Sunday, 1 March 2009

The Gulf You Put Between Us

"We rallied round a flag that wasn't there,' Margaret Atwood is quoted as saying by today's glorious technicolour Gulf News*.

She has my absolute respect for the way she has handled the situation regarding the Emirates Airline Festival of Literature book ban issue with total integrity - and with self-effacing charm. The fact that she was misled so effectively in the first place and reacted in the way she did is unfortunate, if understandable.

The fuss over Geraldine Bedell's book, created in a large part one suspects by a certain Geraldine Bedell, does rather smell like a slightly inept but certainly cynical publicity stunt. But now it's over. The book wasn't banned; the book likely isn't really that interesting anyway.

Those of you who followed my posts on Harper Collins' authonomy will be aware of my views on big publishers and cynical behaviour. I do allow it to be a possibility that large corporate publishing companies will dissemble shockingly.

But what I do believe to be a shame is that Dubai has learned a lesson. While people have been preaching about censorship, Dubai has learned a new form of censorship. It's more insidious than banning books - it's banning the freedom to speak your mind.

I do believe (sorry, Isobel) that Festival Director Isobel Aboulhoul's letter declining Bedell's book be launched at the festival was naive. But she was direct and did give her honest views. Now we've learned not be direct or give our honest views. We can use weasel words so that we're being 'politically correct' rather than open ourselves to criticism in future. In fact, Atwood herself said in the Guardian:

"This happens every day at every festival in the world. Publishers always want to launch or feature their authors, and all festivals pick and choose. Usually, however - being experienced - they don't give the real reasons for their rejections. They don't say "It's a stinker" or "The local Christians will barbecue us". They say: "Not suitable for our purposes." They know that if they tell the truth, they'll be up to their noses in the merde.

First-time festivalite Abulhoul had not yet been hardened in the fire. She was candid. She sent her actual reactions in an email: publisher asked, publisher didn't get, here's why. She thought the exchange was frank and also confidential. She thought all parties were acting in good faith. Silly her. "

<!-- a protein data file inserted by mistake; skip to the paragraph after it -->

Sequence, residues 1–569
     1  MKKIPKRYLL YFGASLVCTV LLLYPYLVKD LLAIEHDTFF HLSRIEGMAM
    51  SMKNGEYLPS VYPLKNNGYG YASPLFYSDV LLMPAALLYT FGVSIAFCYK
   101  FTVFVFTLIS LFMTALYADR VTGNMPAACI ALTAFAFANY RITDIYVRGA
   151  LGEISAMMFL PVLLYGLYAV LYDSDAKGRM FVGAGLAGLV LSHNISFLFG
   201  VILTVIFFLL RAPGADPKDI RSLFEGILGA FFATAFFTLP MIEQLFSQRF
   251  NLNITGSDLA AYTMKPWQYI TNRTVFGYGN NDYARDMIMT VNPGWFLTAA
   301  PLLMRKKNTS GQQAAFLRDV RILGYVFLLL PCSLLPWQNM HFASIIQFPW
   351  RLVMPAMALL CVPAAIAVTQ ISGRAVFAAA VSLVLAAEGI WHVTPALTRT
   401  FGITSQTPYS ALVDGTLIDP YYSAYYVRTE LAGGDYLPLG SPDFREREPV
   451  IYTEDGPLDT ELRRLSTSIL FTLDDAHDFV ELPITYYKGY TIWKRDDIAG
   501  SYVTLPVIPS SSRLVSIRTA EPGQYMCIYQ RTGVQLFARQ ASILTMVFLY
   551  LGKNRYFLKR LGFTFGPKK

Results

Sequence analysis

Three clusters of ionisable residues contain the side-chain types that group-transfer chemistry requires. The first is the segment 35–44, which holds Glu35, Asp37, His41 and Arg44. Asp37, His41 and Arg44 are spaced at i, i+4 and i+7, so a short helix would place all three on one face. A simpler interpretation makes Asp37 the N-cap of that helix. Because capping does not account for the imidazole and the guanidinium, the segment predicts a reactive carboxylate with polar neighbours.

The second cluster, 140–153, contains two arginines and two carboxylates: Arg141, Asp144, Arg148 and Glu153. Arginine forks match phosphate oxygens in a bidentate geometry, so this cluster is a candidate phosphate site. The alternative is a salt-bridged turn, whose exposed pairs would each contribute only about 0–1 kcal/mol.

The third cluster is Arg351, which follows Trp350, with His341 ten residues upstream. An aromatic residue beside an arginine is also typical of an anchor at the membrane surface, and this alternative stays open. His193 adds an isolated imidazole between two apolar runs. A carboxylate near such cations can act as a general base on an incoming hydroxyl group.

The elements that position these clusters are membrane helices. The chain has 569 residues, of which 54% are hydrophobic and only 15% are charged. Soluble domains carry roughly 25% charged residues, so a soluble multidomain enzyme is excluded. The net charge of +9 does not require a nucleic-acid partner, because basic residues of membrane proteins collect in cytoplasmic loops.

And so, in the name of freedom of expression, a little bit of freedom is taken away. We have learned to mask our true feelings. We have learned The New Censorship. We have learned that you have to use doublespeak.

So much more important than censorship in a 'culture of fear', this new way of not saying what you believe because of the repercussions...

*I've got bored with weighing Gulf News which is now pretty steady at around 640g. Would you believe that silly habit made it to the front page of The Financial Times? Sheesh!


sarsour said...

The lines between political correctness, freedom of speech, spin and diplomacy seem to have disappeared and what we're left with is bland, neutralized conversation. There certainly is a pressure, not just in the media I think, but in society to remain as inoffensive as possible. Certainly in Britain it's starting to feel like you're always watching to make sure you're not treading on anyone's toes.

Mars said...

kinda sad she missed out on it cos of the stupidity. heard loads of people wanted to see her.

DUBAI JAZZ said...

It’s ironic that Raja’ Al Sane’ spoke in the festival, even though her novel “girls of Riyadh” is reportedly banned here in the UAE (as well as, it goes without saying, in her own country Saudi Arabia)

Ahsan said...

DubaiJazz, Girls of Riyadh is on Sale in the UAE.

DUBAI JAZZ said...

Ahsan, are you sure the arabic version is on sale too?

Ahsan said...

DJ, yes, the arabic version is also being sold.

Perhaps it was banned initially upon release, I don't know. But it sure is available now.

Anonymous said...

hardly the front page of the Financial Times... Second-last page in the Middle East edition actually.

alexander... said...

You're absolutely right, Anonymous! Would you believe, a colleague showed it to me and, the way the paper was folded, it looked like the front page!!!

How silly of me - and how right you are to correct me!

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